Flash mob leaving Toronto to Cayuga courthouse to protest Native arrest
A group of First Nations supporters from Toronto, Hamilton and the Niagara region will head to the Cayuga courthouse near Caledonia, ON, Wednesday to take part in an Idle No More flash mob.
A bus will depart from Keele subway station at 7 a.m. to carry participants to Cayuga, where Theresa “Toad” Jamieson will face charges stemming from a February 2012 incident in which she was arrested after protesting the presence of Gary McHale on First Nations Reclamation Site Kanonhstaton.
McHale, the founder of Canadian Advocates for Charter Equality, has been a vocal opponent of Native land rights.
“We’re correlating Idle No More and a number of other ongoing issues surrounding Six Nations people that have been going on for hundreds of years,” said Tom Keefer, who is helping to organize the flash mob.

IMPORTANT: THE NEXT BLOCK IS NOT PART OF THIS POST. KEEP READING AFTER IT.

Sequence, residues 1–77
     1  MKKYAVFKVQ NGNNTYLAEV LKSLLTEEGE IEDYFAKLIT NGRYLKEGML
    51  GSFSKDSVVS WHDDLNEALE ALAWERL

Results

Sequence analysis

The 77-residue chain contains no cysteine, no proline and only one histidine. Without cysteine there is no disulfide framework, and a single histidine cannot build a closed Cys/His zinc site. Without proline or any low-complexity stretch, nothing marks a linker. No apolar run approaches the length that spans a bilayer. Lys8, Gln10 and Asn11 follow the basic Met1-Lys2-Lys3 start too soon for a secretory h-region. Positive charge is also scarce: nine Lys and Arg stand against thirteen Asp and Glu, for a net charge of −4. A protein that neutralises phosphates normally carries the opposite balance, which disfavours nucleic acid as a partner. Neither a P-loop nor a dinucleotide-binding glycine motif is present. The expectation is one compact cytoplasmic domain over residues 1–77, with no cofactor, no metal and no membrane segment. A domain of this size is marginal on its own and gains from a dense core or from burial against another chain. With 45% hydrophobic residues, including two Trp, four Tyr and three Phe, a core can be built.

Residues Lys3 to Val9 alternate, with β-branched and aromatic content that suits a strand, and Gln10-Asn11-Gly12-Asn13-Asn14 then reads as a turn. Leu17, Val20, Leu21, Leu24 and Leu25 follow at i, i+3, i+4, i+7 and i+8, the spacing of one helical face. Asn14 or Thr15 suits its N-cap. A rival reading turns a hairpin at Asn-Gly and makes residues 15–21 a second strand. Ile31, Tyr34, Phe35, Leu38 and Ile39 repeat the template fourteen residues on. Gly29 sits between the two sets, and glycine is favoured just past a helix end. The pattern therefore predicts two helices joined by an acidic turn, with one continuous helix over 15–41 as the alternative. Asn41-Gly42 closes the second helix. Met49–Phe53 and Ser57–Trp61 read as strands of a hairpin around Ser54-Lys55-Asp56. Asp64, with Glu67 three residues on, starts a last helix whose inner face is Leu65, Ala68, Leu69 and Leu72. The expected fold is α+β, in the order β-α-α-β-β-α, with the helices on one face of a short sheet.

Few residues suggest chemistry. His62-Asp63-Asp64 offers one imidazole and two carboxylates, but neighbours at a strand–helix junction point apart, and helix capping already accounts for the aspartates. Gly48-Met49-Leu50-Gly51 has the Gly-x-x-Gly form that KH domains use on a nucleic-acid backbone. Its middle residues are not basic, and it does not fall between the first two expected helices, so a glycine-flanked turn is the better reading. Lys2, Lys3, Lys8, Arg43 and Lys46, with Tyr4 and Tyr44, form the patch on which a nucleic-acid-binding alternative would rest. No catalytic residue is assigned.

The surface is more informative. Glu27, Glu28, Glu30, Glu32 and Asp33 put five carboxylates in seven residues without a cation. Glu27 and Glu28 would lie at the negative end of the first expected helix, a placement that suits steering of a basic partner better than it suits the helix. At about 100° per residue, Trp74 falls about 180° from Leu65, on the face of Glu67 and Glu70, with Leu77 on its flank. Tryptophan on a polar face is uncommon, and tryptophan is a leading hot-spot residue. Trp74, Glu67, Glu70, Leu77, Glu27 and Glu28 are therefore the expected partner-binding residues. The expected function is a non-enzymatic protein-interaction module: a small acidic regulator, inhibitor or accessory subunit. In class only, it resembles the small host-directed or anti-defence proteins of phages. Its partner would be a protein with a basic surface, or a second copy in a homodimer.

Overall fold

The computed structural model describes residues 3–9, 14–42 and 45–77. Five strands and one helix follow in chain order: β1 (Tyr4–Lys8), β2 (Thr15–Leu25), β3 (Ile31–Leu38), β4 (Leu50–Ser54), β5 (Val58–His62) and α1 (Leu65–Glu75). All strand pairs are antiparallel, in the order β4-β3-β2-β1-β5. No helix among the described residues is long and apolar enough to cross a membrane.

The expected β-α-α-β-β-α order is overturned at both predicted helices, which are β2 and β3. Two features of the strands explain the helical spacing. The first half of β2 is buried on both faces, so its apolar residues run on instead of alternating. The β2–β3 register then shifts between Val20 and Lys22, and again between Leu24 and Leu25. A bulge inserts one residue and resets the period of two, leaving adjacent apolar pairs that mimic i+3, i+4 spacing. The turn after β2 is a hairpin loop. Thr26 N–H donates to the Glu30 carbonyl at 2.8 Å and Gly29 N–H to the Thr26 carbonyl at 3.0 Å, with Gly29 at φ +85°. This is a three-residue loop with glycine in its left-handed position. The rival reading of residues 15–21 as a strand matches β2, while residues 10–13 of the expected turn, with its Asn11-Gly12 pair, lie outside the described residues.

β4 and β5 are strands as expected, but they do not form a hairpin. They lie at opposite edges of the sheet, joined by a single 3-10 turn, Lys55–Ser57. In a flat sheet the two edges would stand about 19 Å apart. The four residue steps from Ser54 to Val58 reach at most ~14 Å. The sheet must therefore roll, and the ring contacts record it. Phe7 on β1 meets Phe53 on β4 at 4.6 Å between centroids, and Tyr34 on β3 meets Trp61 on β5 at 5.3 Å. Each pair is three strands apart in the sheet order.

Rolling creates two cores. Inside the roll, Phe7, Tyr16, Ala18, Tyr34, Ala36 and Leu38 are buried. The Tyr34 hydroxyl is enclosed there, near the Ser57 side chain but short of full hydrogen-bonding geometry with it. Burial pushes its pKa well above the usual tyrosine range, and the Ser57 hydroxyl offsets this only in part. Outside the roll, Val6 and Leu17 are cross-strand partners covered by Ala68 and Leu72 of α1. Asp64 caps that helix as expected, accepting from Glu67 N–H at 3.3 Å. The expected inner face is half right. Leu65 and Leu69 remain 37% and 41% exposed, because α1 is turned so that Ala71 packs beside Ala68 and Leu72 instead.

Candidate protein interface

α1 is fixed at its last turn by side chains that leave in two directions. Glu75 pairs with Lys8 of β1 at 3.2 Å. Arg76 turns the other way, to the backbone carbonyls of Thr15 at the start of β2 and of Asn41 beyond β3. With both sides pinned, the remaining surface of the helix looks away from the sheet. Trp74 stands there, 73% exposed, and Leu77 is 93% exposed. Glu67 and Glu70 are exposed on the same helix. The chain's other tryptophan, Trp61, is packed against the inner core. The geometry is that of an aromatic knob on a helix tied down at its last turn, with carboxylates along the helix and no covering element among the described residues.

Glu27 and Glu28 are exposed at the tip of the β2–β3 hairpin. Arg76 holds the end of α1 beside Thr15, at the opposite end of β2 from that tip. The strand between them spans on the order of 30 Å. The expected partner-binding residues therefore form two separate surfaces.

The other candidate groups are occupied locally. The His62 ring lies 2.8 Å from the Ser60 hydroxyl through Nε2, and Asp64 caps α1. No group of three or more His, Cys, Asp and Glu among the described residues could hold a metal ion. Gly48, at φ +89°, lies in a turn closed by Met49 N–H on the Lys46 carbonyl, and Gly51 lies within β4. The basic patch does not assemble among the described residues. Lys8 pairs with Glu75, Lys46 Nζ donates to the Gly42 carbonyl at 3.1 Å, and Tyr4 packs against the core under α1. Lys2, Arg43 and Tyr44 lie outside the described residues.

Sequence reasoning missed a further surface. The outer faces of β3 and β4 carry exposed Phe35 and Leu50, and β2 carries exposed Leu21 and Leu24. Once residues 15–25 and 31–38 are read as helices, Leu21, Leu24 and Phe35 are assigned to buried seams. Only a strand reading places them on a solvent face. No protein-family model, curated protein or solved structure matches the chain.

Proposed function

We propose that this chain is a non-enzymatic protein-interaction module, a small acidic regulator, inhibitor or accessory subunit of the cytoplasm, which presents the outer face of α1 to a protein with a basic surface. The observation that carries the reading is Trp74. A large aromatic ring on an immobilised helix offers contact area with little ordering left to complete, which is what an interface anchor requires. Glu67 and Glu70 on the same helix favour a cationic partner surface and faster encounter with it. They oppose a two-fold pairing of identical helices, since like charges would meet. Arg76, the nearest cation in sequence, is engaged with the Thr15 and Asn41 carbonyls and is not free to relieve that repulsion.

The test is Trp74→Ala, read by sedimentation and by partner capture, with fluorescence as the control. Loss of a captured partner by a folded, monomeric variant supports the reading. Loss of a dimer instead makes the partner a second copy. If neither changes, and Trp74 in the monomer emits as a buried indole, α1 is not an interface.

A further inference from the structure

The event is being organized by CUPE 3903, a union representing some York University faculty. The union has been supporting the First Nations community in their struggle for land rights near Caledonia since 2006.
Keefer said the flash mob will aim to highlight some of the challenges faced by the First Nations community.
“It will be a peaceful protest essentially drawing attention to a huge number of issues,” he said. “The (Cayuga) courthouse itself is built on the site of the former Cayuga people’s longhouse and there’s a lot of Colonial history in that area.”
The flash mob is expected to begin at the Cayuga courthouse at 9:15 a.m. and should bring some 60 protesters out to drum, sing and deliver speeches to raise awareness of Indigenous land rights and protest Jamieson’s arrest.